I do wonder about the the CBA's recent acquisition of CBA.com for example, is that going to be another big company lost to .com eventually?

The biggest thing AUDA can do something about though is young people not even having access. Those people are the future. They start building websites well before they tick AUDA's boxes so they won't even be part of the switch because they have to start on .com in the first place.
 
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findtim

Top Contributor
thanks, i get your point and whilst your assumption may be true? the list doesn't give it cred.
tim
 

Scott.L

Top Contributor
Which stats would you like to use?

We know Australia has approx 3 million .au registrations now if we were to compare that stat to how many .com registrations are owned by Australians and what ratio of domains are actually utilized by those extensions by Australians then - that's the question.
 

snoopy

Top Contributor
We know Australia has approx 3 million .au registrations now if we were to compare that stat to how many .com registrations are owned by Australians and what ratio of domains are actually utilized by those extensions by Australians then - that's the question.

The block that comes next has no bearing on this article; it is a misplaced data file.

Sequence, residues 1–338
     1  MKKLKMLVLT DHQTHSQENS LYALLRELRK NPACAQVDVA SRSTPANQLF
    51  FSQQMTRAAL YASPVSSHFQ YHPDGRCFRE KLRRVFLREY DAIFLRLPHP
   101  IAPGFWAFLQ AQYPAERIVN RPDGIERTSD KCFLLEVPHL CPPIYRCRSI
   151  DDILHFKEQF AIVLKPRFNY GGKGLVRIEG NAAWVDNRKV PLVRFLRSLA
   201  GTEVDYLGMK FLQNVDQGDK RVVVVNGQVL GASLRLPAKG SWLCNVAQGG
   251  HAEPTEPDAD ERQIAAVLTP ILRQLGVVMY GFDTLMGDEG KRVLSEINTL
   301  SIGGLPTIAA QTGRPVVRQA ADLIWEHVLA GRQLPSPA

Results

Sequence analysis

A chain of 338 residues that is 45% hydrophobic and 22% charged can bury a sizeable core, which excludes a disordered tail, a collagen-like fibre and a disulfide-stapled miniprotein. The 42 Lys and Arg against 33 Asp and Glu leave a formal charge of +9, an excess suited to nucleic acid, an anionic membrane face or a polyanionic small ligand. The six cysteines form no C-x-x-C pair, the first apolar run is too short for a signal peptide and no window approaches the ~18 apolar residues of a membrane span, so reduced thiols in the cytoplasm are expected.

Where is the data though? Are we supposed to discuss data we don't have and can't possibly ever calulate?
 

Scott.L

Top Contributor
Where is the data though? Are we supposed to discuss data we don't have and can't possibly ever calulate?

Exactly, its been my frustration for years. I tried years ago to get that data and realized it wasn't possible due to registries unwilling to provide registration stats on localized populations.
 

snoopy

Top Contributor
Exactly, its been my frustration for years. I tried years ago to get that data and realized it wasn't possible due to registries unwilling to provide registration stats on localized populations.

The lack of publication of the .com.au zone file is a problem in my view. This effects all sorts of stuff, like calculating the extent of the UBU problem for example.